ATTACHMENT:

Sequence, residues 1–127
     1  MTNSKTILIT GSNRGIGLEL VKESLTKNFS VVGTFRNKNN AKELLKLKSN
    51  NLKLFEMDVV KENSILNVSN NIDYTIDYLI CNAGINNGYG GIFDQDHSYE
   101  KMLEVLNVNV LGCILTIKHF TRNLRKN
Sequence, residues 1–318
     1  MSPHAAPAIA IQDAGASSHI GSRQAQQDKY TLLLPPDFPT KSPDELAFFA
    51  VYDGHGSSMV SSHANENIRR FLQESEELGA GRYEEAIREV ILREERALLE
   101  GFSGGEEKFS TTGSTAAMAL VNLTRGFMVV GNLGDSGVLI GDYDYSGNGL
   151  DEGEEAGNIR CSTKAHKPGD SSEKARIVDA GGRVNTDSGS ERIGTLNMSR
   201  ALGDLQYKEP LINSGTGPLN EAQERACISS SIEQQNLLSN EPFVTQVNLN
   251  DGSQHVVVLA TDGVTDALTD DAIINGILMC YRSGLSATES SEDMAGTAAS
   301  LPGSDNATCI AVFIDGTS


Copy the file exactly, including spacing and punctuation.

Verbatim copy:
Sequence, residues 1–127
     1  MTNSKTILIT GSNRGIGLEL VKESLTKNFS VVGTFRNKNN AKELLKLKSN
    51  NLKLFEMDVV KENSILNVSN NIDYTIDYLI CNAGINNGYG GIFDQDHSYE
   101  KMLEVLNVNV LGCILTIKHF TRNLRKN
Sequence, residues 1–318
     1  MSPHAAPAIA IQDAGASSHI GSRQAQQDKY TLLLPPDFPT KSPDELAFFA
    51  VYDGHGSSMV SSHANENIRR FLQESEELGA GRYEEAIREV ILREERALLE
   101  GFSGGEEKFS TTGSTAAMAL VNLTRGFMVV GNLGDSGVLI GDYDYSGNGL
   151  DEGEEAGNIR CSTKAHKPGD SSEKARIVDA GGRVNTDSGS ERIGTLNMSR
   201  ALGDLQYKEP LINSGTGPLN EAQERACISS SIEQQNLLSN EPFVTQVNLN
   251  DGSQHVVVLA TDGVTDALTD DAIINGILMC YRSGLSATES SEDMAGTAAS
   301  LPGSDNATCI AVFIDGTS